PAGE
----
PRIDE! Of the Community is a collection housed digitally with the UNCG library system that has been working to create a history of the Triad’s LGBTQ+ community for the past five years.
According to TriadHistory, “it is the first large-scale initiative” of its kind. This month, the creators of the project, David Gwynn and Stacey Krim, have brought an exhibit on the Guilford Alliance for Gay and Lesbian Equality to the Greensboro History Museum on April 19.
This interview has been edited for length and clarity.
Do each of you have a favorite item or a favorite experience in this collection?
Stacey: There have been a lot of really good experiences. All the oral histories we went to all made you feel good, but they were also all emotional rollercoasters. I’ll go with two because I can’t choose between them.
We were allowed to digitize three scrapbooks of a former UNCG student; his name is Dirk Robertson, he was a graduate of the LAS program here and he is a school media specialist. When he came out it was late nineties early two-thousands, and he created three scrapbooks documenting the entire process up until the point he got married.
That was such an amazing glimpse into someone’s life and the coming out process. As he was joining organizations you got to see what was important to him, the places he traveled, he writes personal little thoughts about things. I love scrapbooks for that reason. They can be hard to digitize, but that was really fabulous.
My favorite item donated would be the yarmulke that was given out as a party favor for Lennie Gerber’s wedding. They [Ellen W. Gerber (Lennie) and Pearl Berlin] are one of the most famous gay couples in North Carolina. They were the first gay marriage at Beth David Synagogue, so they had customized yarmulkes and things like that. That was really touching because they were both in their eighties so they had been waiting to get married for a very long time.
We have tons of photos of their wedding too. Pearl Berlin was a faculty member here, she started the graduate physical education program. Lennie actually was going to come here but they wouldn’t hire her because they were too openly out as a couple. So, Lennie went to become a civil rights lawyer. *laughter*
David: She said, okay, deny me will you!
Stacey: She was one of the leading women in the topic of women’s athletics and the philosophy of physical education. We didn’t hire her because they were afraid if they put the two of them together they would be too out — too visible. So she just went to Chapel Hill and got a law degree. She still has cases on books that are still cited. She’s a fabulously interesting person, so those are mine.
David: I honestly have a hard time picking out a favorite. And, I’m biased because I donated some of the stuff so some of it’s mine! *laughter* Clearly I’m going to like that stuff. I think as far as content the oral history with Lennie Gerber is absolutely one of my favorite things and not just because of their hedgehog and the cats. *laughter* It was a really inspiring thing to listen to, and if there’s one everybody needs to listen to where at the end you just go, whew *David slumps and wipes his eyes dramatically*. That’s definitely the one.
My favorite donation we’ve had is from a gentleman who didn’t have a lot of stuff, but there were a few things he had related to the March on Washington, et cetera. It was not so much the actual stuff he donated, but the fact that he was so excited when he found out about the project and was able to donate the stuff. It was really cool that he was able to do that and he had an interesting story to tell.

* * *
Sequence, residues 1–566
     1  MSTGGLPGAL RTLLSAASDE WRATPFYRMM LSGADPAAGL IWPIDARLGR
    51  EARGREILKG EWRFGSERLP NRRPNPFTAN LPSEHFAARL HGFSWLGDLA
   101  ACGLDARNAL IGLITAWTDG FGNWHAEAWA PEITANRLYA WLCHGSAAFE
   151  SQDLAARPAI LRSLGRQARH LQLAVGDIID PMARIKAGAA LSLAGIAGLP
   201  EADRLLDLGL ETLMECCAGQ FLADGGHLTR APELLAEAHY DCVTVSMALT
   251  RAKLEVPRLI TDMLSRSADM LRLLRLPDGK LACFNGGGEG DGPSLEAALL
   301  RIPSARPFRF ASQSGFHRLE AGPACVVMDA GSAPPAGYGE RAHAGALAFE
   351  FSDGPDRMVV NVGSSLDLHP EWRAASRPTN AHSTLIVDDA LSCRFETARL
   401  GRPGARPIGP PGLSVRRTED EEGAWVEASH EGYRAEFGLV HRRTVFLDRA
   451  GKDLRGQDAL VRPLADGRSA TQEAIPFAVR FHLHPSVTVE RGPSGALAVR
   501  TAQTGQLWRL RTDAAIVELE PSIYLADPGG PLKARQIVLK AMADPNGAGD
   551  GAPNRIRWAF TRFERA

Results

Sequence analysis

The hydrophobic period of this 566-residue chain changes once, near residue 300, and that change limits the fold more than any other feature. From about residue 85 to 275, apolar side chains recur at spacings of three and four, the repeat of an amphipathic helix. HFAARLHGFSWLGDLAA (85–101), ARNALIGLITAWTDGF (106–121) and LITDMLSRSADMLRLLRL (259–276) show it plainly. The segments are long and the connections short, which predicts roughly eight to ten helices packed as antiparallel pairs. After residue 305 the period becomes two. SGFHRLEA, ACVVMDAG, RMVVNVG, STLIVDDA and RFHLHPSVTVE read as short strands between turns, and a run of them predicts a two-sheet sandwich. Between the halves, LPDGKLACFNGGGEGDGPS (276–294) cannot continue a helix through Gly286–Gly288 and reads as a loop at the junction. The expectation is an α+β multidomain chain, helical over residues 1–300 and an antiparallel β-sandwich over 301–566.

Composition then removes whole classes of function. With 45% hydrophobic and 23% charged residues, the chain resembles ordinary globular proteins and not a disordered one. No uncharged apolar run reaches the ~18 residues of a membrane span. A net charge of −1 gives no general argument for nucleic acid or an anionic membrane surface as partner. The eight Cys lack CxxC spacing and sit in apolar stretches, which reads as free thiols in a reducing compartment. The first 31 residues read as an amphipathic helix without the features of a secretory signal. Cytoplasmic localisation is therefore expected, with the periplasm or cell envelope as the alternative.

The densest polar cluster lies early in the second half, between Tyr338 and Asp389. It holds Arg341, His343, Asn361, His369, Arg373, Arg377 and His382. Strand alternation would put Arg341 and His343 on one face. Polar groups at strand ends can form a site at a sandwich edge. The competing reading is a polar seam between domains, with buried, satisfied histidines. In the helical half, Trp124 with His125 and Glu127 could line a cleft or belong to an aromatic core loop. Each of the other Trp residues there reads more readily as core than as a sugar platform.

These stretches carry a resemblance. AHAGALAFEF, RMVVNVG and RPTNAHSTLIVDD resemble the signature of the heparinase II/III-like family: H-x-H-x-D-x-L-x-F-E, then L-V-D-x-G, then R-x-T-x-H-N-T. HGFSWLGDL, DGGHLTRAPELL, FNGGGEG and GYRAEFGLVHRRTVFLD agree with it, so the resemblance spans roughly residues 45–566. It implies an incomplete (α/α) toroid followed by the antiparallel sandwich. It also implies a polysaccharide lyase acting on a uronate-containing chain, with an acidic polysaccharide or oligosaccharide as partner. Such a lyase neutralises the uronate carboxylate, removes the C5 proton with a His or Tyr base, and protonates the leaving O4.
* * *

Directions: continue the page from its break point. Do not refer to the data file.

It felt like we had done something useful in that he had found us and felt like he could tell that story and had an outlet for it. That one made me feel good.
And it should.
David: Plus there’s my pictures! *laughter*
Stacey: Yes, David donated four of his t-shirts. One of them is the Babylon t-shirt which is absolutely fabulous, it’s a later club shirt.
David: The pictures that Marilyn Rivers gave us too. Mars going back to the early eighties.
Stacey: The Marilyn Rivers interview was great because it was our first drag interview with a veteran from back in the days. Drag has become so popular, but if you view it not just for the LGBTQ history but as a performing art it’s changed so much and he talks about that quite a bit. It’s under Joel Cudworth if you’re looking for it.
For my last question, I’d like to hear where you want the project to go? What should it look like in ten or twenty years?
Stacey: I hope we can bring more diverse representation into the collection. I want to get histories with trans people and people who are black, indigenous or are people of color. Part of the problem is that it’s often more difficult for people in those demographics to interview publicly with us. The person being interviewed has total control over the process, but if they’re comfortable with us publishing their history there’s no way around it being public.
I also suspect we will see a transition from an older generation who had to fight for their LGBTQ+ identity to a younger generation who was able to grow up in a more accepting environment and might be puzzled as to why we even created the project. We’ll get there one day.
David: I hope the project can last and continue to be sustainable. I just want there to be a future for the collection.
I’d like to thank Stacey and David for indulging me in this interview and providing such wonderful commentary. They’re a pleasure to work with, and I hope if any of our student readers have an oral history or items to share you won’t hesitate to contact them.
You can find PRIDE! Of the Community online here. Stacey Krim and David Gwynn are actively looking for more materials and people to give oral histories. If you are interested in speaking with them, they can be contacted at email@example.com.